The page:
Drug-resistance in human melanoma

Int J Cancer. 2001 Sep 1;93(5):617-22. doi: 10.1002/ijc.1378.


Advanced malignant melanoma has a poor prognosis since chemotherapy is mostly ineffective due in part to the intrinsic and/or extrinsic resistance of melanoma cells to systemic treatment with anti-neoplastic agents. The reasons for the chemoresistant phenotype are unknown. The relevance of well-analyzed drug-resistance mechanisms, e.g., intracellular/extracellular transport and induction of certain enzyme systems, is reviewed. Most anti-cancer drugs kill susceptible cells through induction of apoptosis. Therefore, it appears that differences in the apoptotic pathways which lead to apoptotic deficiency may account for the ability of some tumor cells to resist drug therapy. Human melanomas, which are characteristically drug-resistant, are more likely to have altered apoptotic pathways and fewer pro-apoptotic molecules. Tumor cells with these characteristics are seldom sensitive to drugs. The complexity of the molecular variants involved in signal transduction along apoptotic pathways suggests that the cell may have a variety of possibilities for regulating apoptosis and generating apoptotic deficiency. Thus, apoptosis and apoptotic deficiency should be analyzed to better clarify the mechanisms of melanoma resistance.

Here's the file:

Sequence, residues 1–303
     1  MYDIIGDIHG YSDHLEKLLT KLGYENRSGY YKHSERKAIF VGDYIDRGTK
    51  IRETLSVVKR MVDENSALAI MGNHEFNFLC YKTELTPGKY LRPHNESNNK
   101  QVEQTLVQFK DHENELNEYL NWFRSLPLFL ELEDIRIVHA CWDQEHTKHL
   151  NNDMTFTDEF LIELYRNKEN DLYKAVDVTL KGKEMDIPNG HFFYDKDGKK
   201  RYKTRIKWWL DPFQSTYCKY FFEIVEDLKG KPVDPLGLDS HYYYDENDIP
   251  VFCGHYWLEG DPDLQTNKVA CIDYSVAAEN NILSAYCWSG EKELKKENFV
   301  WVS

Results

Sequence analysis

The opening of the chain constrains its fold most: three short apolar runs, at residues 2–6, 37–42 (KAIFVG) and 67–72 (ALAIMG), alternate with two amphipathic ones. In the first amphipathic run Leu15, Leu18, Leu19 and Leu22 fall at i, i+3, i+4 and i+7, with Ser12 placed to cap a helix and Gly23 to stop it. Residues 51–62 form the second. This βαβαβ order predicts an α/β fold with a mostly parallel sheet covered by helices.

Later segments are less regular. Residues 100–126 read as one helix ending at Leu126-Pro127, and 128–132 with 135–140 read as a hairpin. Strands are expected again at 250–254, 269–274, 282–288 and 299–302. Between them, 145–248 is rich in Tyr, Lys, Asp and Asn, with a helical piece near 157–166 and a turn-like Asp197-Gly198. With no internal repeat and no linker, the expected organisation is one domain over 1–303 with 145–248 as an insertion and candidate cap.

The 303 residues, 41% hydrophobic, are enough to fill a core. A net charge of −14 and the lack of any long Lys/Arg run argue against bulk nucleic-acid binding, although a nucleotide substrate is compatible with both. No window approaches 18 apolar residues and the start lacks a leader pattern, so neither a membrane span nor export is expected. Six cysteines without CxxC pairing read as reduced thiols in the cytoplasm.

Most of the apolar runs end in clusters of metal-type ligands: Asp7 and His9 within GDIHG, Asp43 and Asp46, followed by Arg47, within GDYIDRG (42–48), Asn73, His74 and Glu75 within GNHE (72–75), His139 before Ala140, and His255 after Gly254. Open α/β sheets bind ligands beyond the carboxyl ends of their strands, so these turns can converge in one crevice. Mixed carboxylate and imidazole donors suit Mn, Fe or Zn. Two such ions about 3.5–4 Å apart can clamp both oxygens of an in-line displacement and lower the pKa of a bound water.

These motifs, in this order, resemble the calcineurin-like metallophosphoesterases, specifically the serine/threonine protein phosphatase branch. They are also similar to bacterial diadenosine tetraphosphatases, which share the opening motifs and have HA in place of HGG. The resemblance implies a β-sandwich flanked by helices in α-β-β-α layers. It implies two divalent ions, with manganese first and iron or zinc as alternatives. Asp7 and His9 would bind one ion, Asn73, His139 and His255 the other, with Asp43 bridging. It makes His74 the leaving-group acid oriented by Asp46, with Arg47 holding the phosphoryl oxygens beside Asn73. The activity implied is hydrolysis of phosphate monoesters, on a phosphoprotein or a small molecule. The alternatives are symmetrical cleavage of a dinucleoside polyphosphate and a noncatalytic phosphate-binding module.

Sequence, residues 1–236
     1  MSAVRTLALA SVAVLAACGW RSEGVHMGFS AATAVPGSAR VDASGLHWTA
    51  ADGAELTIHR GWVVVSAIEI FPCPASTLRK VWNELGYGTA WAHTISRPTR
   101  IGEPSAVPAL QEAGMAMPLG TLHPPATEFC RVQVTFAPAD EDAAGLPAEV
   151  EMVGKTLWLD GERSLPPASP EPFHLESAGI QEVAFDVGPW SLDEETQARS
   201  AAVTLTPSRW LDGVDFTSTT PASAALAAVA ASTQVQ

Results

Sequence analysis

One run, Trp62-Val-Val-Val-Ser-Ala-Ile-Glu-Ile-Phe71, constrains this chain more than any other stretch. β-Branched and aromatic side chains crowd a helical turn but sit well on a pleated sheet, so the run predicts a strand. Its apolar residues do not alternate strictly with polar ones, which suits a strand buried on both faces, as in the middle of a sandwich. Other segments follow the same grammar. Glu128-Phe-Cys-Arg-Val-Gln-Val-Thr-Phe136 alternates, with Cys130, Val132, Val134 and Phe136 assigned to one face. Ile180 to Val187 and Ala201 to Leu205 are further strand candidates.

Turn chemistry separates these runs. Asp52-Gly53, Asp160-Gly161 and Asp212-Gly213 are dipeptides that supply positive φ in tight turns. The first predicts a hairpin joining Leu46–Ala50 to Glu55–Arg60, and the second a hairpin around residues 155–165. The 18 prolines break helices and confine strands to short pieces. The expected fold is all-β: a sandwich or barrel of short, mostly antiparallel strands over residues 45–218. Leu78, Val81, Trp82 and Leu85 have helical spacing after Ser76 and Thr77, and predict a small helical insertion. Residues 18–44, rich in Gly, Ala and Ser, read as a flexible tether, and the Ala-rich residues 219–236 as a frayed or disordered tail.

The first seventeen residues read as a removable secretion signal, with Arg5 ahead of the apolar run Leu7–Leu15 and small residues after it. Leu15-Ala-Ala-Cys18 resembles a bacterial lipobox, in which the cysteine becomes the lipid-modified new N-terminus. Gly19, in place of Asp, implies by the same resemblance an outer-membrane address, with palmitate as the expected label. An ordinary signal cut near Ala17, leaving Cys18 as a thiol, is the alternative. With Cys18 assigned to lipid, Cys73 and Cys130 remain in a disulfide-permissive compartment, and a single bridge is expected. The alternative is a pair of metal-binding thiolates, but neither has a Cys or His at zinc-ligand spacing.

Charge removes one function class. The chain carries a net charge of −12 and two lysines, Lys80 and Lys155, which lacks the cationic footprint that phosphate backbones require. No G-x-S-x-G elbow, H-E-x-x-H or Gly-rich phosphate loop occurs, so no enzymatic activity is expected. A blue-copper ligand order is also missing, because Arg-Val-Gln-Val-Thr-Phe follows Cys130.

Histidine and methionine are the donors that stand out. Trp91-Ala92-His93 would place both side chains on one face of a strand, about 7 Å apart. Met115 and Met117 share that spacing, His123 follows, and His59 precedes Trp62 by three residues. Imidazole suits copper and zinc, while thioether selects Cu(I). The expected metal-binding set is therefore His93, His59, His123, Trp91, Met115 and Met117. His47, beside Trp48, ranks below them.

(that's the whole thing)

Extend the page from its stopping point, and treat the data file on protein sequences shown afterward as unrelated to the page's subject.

Publication types

  • Research Support, Non-U.S. Gov't
  • Review

MeSH terms

  • Apoptosis*
  • Biological Transport
  • DNA Repair / physiology*
  • Drug Resistance, Neoplasm / physiology*
  • Forecasting
  • Humans
  • Melanoma / genetics
  • Melanoma / metabolism*
  • Melanoma / pathology